1 Introduction
Recently, several deep learning approaches have been proposed for accelerated parallel MR image reconstruction
[4, 6, 5, 2, 1, 11]. In this work, we present simple reconstruction networks for multicoil data by extending deep cascade of CNN’s[9]. In particular, we propose two approaches, where one is inspired by POCSENSE[8] and the other is calibrationless. The method is evaluated using a public knee dataset containing 100 subjects[4]. We show that the proposed approaches are competitive relative to the state of the art both quantitatively and qualitatively. ^{†}^{†}Presented at ISMRM 27th Annual Meeting & Exhibition (Abstract #4663)2 Methods
The proposed network architectures. (left) DPOCSENSE architecture. The input to the CNN is a single, sensitivityweighted recombined image. At each iteration, the CNN updates an estimate of the combined image. The subnetwork takes a single recombined image as an input and produces the denoised result as an output. The data consistency is performed by mapping the intermediate output to the raw
space by applying encoding matrix. The updated image is recombined by the adjoint of the encoding matrix. (right) The proposed DCCNN architecture. The network jointly reconstructs each coil data simultaneously. The data consistency operation is applied separately for each coil.The proposed networks are direct extensions of deep cascades of CNN (DCCNN), where the denoising subnetworks and the data consistency layers are interleaved. However, for parallel imaging, the data consistency layer can be extended in two ways, yielding two network variants. In the first approach, sensitivity estimates are required, which can be computed using algorithms such as ESPIRiT[10]. The input to the CNN is a single, sensitivityweighted recombined image. At each iteration, the CNN updates an estimate of the combined image. For the data consistency layer, the forward operation is performed, then acquired samples are filled coilwise as:
(1) 
where , are the th coilweighted image for the intermediate CNN reconstruction in space and the original space data respectively. The result is mapped back to image domain via the adjoint of the encoding matrix. As the operation in the data consistency layer is analogous to the projection step from POCSENSE, the proposed network is termed D(eep)POCSENSE. The balancing term depends on the input noise level, however, this is made trainable as a network parameter. The network is trained using loss:
(2) 
where and are the initial recombined image and ground truth respectively.
The second approach reconstructs the multiple coil data directly without performing the recombination and the coil images are stacked along the channelaxis and fed into each subnetwork. For the data consistency layer, each coil image is Fourier transformed and
Eq. 1 is applied individually. As it does not require a sensitivity estimate, the proposed approach is calibrationless. The proposed network, DCCNN, is trained with the following weighted loss:(3)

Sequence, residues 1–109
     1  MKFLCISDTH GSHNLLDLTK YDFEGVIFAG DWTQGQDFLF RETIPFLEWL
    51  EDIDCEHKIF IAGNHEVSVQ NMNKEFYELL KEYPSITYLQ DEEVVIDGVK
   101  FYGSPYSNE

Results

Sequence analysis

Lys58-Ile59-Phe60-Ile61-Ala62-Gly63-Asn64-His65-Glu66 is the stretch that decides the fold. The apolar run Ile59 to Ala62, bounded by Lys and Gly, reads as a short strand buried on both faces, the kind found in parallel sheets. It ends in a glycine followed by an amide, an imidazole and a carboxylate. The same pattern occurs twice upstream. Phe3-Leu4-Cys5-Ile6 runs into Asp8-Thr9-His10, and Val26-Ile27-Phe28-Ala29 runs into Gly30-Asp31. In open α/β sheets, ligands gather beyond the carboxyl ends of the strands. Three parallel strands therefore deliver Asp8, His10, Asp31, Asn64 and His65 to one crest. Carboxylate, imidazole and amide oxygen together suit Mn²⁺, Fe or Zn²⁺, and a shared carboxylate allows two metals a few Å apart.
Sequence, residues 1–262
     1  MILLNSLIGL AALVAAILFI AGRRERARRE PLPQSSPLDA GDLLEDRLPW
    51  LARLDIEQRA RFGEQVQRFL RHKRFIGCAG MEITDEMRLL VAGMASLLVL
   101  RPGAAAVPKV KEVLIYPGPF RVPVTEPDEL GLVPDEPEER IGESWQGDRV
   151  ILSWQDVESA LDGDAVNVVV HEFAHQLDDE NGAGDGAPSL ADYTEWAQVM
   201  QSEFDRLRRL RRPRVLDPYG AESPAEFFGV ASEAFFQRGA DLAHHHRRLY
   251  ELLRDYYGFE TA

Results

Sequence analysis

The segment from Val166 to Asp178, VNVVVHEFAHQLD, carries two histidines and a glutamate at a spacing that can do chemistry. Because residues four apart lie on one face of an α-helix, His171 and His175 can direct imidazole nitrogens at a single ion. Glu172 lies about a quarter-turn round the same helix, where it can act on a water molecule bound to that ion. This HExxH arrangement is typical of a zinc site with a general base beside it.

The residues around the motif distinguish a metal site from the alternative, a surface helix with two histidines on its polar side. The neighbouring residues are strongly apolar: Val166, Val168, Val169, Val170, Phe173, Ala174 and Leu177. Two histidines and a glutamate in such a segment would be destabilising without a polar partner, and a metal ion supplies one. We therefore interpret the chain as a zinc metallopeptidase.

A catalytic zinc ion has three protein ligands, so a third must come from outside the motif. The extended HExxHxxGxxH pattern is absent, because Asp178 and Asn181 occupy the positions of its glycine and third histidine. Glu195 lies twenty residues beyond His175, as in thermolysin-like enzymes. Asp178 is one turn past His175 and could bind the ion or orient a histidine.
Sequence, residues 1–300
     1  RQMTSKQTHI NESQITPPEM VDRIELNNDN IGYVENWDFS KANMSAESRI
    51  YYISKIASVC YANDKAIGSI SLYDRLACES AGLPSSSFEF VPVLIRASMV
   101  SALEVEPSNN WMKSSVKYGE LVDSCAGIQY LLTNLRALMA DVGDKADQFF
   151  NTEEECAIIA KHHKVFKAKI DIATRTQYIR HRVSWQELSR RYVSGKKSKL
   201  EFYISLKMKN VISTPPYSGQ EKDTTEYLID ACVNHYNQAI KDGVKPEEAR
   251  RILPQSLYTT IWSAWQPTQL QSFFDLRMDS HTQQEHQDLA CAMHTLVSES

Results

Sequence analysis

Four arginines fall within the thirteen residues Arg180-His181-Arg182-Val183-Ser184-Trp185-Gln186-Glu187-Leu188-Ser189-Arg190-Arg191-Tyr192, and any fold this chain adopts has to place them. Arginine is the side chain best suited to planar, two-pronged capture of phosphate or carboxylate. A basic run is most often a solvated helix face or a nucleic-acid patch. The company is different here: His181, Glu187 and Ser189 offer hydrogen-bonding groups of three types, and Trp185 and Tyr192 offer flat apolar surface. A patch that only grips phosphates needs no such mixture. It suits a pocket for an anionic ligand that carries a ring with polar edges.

where the subscript indexes th coil data and is the sensitivity map. The proposed architectures are shown in Fig. 3.
3 Evaluation
We used the public knee dataset provided by Hammernik et al.[4]^{1}^{1}1Available at mridata.org.. The dataset contains 100 patients, 20 subjects per acquisition protocol. For each approach, one network was trained to reconstruct all acquisition protocols simultaneously. We used 15 for training and 5 for testing per protocol. The proposed approach was compared with SPIRiT[7] and Variational Network (VN)[4]. We used Cartesian undersampling with acceleration factor (AF) , sampling 24 central region, which was also used as the calibration region for estimating the sensitivity maps. In this work, DPOCSENSE and DCCNN were trained with ,,[9] and convolution kernels with dilation factor 2. The network was trained using Adam with
for 200 epoch with batch size 4. The default parameters were used for both
SPIRiT and VN. We used PSNR and SSIM for the metric.4 Results
Quantitative results are summarised in Table 1 for each acquisition protocol. The proposed methods both outperformed the compressed sensing approach on average. DPOCSENSE achieved the performance close to VN for AF=4, whereas DCCNN was slightly worse. All methods provided similar SSIM. For AF=6, VN achieved the highest PSNR. The sample reconstructions are shown in Fig. 6 for AF=4 and AF=6 respectively. For Axial image, DPOCSENSE gave the most homogeneous image, whereas DCCNN and VN often failed to remove aliasing. For AF=4, all methods generated sharp images. For AF=6, DCCNN performed worse that DPOCSENSE and VN and the residual aliasing is prominent.
5 Discussion and Conclusion
In this work, we proposed simple extensions to DCCNN for parallel imaging. When comparing the two approaches so far explored, DPOCSENSE outperformed DCCNN overall, which leads to the conclusion that incorporating the sensitivity estimate is advantageous. We speculate that this is because it allows intermediate subnetworks to directly operate in the output space as well as directly optimising the loss with respect to the final output. Nevertheless, DCCNN achieved the highest SSIM in some regimes, which shows that a novel way of combining the raw data could lead to improved algorithms. The proposed methods achieved comparable performance to stateoftheart algorithms, however, we note that the variational network produced the best result overall.
6 Note
We observed that training DPOCSENSE and DCCNN networks longer can further remove the residual aliasing present in the reconstruction to eventually reach similar performances. The presented work is now extended to variablesplitting network [3].
7 Acknowledgements
Jo Schlemper is partially funded by EPSRC Grant (EP/P001009/1).
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